The Kashagan oil field in Kazakstan's sector of the Caspian Sea might not go commercially on stream until the end of 2009 or start of 2010, Kazak Energy and Mineral Resources Minister Baktykozha Izmukhambetov told reporters. "Perhaps it (commercial oil production at Kashagan) can be expected at the end of 2009 or early 2010," Izmukhambetov said.
He said "technological processes" would be responsible for the delay. "This is a huge, unique field. Kazakstan has never done anything like this (large-scale commercial oil production in the Caspian). And there are other issues to do with safety at the site and some additional technological considerations have arisen in connection with this. Additional islands might even have to be built," the minister said.
The AGIP KCO consortium, which is developing Kashagan, is so far declining to comment on the start date. The consortium has said Kashagan contains to least seven-nine billion barrels of recoverable oil, and overall geological resources of 38 billion barrels.

KazMunaiGaz to raise more than 1bn on LSE

KazMuniaGaz, Kazakstan's state oil company, has announced its intention to launch an international listing on the London Stock Exchange and domestically on the Kazak Stock Exchange in the autumn, the Financial Times reported on Sept 4th.
The state is looking to raise significantly more than 1bn for its onshore exploration and production unit through a listing of up to 40 per cent of the business, according to bankers familiar with the sale.
The float will provide investors with an opportunity to buy into one of the fastest expanding oil industries in the world. Revenues at the exploration and production company, known as KMG E&P, have risen from US$1.2bn in 2003 to US$2.6bn (1.4bn) in 2005 while profit before tax has jumped from US$275m to US$1.07bn.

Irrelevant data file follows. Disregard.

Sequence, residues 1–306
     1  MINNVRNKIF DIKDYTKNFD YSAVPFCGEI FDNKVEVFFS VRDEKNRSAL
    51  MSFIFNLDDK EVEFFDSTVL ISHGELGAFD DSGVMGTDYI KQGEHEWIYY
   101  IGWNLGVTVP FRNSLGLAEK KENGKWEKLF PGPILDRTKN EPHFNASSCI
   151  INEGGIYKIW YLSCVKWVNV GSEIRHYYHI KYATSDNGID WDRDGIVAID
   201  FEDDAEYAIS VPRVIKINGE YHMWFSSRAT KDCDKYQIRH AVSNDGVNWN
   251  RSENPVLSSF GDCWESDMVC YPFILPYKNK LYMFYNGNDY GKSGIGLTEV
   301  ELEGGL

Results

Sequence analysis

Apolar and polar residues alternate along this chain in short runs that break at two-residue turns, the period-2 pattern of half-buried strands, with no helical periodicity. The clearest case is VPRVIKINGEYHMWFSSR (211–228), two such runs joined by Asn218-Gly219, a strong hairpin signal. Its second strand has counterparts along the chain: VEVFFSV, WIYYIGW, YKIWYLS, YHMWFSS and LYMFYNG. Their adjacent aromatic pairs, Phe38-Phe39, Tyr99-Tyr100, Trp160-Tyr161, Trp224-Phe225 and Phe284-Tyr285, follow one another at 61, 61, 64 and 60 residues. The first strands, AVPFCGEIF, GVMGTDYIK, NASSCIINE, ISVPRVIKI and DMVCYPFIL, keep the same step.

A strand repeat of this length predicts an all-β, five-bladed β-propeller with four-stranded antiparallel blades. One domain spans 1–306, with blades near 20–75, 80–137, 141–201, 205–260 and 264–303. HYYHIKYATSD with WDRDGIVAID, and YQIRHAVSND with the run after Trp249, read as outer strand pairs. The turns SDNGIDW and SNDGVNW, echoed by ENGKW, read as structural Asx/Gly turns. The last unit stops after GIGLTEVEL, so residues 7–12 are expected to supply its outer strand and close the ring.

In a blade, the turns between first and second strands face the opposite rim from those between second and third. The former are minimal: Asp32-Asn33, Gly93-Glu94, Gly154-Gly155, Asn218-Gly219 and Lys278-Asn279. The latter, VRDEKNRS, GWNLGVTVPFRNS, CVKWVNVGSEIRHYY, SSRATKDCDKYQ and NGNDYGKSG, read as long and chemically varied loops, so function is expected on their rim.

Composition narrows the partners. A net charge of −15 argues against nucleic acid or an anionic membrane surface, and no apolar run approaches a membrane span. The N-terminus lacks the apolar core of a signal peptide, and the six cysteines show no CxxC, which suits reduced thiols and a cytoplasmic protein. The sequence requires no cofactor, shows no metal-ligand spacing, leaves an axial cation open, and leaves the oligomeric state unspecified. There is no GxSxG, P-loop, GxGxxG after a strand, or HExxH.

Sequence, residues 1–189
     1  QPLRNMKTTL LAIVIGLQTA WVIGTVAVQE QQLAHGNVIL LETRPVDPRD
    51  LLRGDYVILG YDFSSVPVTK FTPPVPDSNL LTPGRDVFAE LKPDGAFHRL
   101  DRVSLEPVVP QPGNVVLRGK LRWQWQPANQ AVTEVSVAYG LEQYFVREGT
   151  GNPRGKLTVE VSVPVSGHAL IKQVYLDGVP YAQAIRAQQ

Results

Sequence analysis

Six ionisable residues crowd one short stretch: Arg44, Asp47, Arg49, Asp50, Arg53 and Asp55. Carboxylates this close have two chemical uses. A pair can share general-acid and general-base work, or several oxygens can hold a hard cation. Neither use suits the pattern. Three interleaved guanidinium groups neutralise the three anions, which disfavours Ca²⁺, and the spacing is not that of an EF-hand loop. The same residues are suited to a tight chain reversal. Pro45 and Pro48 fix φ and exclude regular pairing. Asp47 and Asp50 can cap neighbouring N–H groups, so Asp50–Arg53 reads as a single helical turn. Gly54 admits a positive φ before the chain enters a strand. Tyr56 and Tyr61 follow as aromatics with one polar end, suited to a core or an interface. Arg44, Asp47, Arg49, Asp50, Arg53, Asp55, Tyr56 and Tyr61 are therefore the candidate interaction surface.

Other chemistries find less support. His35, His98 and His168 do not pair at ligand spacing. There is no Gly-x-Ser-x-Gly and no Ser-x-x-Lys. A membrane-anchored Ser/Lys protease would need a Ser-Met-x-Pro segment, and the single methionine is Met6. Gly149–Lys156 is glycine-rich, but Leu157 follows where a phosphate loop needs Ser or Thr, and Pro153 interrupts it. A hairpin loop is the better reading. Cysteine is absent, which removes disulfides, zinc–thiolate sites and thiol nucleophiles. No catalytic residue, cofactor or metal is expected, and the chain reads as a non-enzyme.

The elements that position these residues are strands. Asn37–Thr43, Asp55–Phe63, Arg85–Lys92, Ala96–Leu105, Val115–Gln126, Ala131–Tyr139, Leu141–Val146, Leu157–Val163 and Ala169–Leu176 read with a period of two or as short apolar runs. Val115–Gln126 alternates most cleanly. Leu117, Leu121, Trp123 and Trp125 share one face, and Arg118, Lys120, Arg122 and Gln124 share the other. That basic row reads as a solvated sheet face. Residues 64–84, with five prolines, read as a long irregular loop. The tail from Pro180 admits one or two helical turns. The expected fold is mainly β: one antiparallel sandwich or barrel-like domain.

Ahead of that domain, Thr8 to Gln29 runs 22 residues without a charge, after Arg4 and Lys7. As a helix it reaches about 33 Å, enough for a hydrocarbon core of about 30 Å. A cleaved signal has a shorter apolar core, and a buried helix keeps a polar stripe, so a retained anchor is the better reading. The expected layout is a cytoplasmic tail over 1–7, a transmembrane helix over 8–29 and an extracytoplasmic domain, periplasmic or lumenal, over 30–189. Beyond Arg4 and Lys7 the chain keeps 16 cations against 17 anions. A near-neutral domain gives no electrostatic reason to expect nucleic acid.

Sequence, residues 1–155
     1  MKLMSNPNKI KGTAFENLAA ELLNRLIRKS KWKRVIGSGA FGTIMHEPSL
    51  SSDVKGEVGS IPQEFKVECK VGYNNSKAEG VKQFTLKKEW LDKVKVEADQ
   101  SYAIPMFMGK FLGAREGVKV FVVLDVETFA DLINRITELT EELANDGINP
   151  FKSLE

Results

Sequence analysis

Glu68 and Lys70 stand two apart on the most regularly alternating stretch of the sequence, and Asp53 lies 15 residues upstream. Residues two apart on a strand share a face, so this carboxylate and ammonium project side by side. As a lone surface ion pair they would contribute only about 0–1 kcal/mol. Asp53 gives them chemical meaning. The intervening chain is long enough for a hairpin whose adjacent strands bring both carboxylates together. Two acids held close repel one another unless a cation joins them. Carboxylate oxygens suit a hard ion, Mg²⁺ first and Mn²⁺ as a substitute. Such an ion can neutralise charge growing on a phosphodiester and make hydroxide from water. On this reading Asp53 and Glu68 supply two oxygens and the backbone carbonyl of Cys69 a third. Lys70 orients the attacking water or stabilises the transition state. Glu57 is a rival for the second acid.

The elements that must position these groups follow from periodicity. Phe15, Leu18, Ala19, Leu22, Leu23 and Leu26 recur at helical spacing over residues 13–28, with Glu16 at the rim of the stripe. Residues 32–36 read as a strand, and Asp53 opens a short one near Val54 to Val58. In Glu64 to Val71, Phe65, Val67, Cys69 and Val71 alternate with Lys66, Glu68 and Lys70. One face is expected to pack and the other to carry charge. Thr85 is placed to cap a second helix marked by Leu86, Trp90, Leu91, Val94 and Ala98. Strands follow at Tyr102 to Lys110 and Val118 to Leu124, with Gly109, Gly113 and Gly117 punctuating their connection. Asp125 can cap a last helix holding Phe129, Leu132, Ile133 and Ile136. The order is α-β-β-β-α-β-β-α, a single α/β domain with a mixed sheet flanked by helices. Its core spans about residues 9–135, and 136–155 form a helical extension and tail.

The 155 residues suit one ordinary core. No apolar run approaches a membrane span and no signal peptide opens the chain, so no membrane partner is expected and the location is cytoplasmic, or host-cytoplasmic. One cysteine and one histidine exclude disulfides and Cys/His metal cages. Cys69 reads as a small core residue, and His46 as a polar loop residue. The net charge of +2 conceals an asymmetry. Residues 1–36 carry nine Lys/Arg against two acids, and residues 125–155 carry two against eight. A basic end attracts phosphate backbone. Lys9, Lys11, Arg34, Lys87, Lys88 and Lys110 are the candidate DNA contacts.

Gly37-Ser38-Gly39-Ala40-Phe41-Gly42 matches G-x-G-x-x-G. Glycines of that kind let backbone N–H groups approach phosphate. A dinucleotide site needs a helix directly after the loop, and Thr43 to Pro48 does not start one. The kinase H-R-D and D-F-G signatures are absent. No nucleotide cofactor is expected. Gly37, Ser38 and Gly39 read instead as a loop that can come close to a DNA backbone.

KazMunaiGaz is the third-biggest oil producer in the central Asian former Soviet republic with proved and probable oil reserves of 1.515bn barrels at the end of 2005. It pumps an average daily volume of 188,000 barrels in the Atyrau and Mangistau regions of western Kazakstan and is engaged in exploration activities in the same regions.
Many of KMG E&P's fields are said to be mature by industry observers. Offshore acreage in the Caspian Sea, where the real potential for production growth lies, has not been included in the unit's portfolio.
The company has appointed three western independent non-executives to the board to improve the perception of corporate governance - Paul Manduca, a non-executive director at a number of UK companies; Christopher Mackenzie, an investment banker; and Eddie Walshe, who has experience at BP and Britich Gas.